Press Release

NASA Announces Discovery Program Selections

By SpaceRef Editor
October 30, 2006
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NASA Announces Discovery Program Selections

NASA Monday selected concept studies for missions that would return a sample of an enigmatic asteroid, probe the chemistry of Venus’ atmosphere and reveal the interior structure and history of the Earth’s moon.

Also selected for further study are three missions of opportunity that would make new use of two NASA spacecraft that have completed their primary objectives.

“The science community astounded us with the creativity of their proposals,” said NASA’s Science Mission Directorate Associate Administrator Mary Cleave. “We look forward to the new knowledge of our solar system that these concepts may provide.”

Three missions were selected for concept studies:

— The Origins Spectral Interpretation, Resource Identification and Security (OSIRIS) mission would survey an asteroid and provide the first return of asteroid surface material samples to Earth. Michael Drake of the University of Arizona, Tucson, is OSIRIS’s principal investigator. NASA’s Goddard Space Flight Center, Greenbelt, Md., would manage the project.

— The Vesper mission is a Venus chemistry and dynamics orbiter that would advance our knowledge of the planet’s atmospheric composition and dynamics. Gordon Chin of Goddard is Vesper’s principal investigator. Goddard would manage the project.

— The Gravity Recovery and Interior Laboratory (GRAIL) mission would use high-quality gravity field mapping of the moon to determine the moon’s interior structure. Maria Zuber of the Massachusetts Institute of Technology, Cambridge, Mass., is GRAIL’s principal investigator. NASA’s Jet Propulsion Laboratory, Pasadena, Calif., would manage the project.

The three missions of opportunity selected for concept studies are:

— The Deep Impact eXtended Investigation of Comets (DIXI) mission would use the existing Deep Impact spacecraft for an extended flyby mission to a second comet to take pictures of its nucleus to increase our understanding of the diversity of comets. Michael A’Hearn of the University of Maryland, College Park, Md., is DIXI’s principal investigator.

— The Extrasolar Planet Observations and Characterization (EPOCh) mission would use the high-resolution camera on the Deep Impact spacecraft to search for the first Earth-sized planets detected around other stars. L. Drake Deming of Goddard is EPOCh’s principal investigator.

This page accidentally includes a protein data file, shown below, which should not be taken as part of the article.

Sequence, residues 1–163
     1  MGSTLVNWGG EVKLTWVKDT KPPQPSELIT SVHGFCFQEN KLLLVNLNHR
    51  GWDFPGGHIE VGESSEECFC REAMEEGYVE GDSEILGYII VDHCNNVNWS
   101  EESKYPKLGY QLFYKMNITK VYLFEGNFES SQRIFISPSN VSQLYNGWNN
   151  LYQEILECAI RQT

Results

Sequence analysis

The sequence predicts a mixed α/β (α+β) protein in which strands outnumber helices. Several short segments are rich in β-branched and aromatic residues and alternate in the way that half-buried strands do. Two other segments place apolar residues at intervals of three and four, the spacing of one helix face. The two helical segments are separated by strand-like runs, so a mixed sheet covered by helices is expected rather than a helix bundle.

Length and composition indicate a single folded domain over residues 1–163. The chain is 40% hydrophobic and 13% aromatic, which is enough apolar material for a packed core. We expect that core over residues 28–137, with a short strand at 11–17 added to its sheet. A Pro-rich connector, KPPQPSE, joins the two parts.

— The Stardust NExT mission would use the existing Stardust spacecraft to flyby comet Tempel 1 and observe changes since the Deep Impact mission visited it in 2005. In 2005, Tempel 1 has made its closest approach to the sun, possibly changing the surface of the comet. Joseph Veverka of Cornell University, Ithaca, N.Y., is NExT’s principal investigator.

These proposals were among approximately two dozen submitted in response to NASA’s Discovery Program 2006 Announcement of Opportunity in April. The announcement solicited two types of investigations: complete missions to design, build and fly new spacecraft to accomplish specific planetary science objectives; and missions of opportunity that propose scientific uses for existing spacecraft or build instrumentation for spacecraft of other space agencies.

NASA may select one or more investigations to continue into a development effort after detailed review of the concept studies. Decisions about which mission concepts will proceed to development are expected next year.

New missions will receive $1.2 million to conduct concept studies. If selected for continuation beyond the concept phase, each project must complete its mission, including archiving and analyzing data, for less than $425 million.

Missions of opportunities will receive $250,000 to conduct concept studies. If selected for continuation, each mission of opportunity must complete its project, including data archive and analysis, for less than $35 million.

For more information about the Discovery Program, visit:

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SpaceRef staff editor.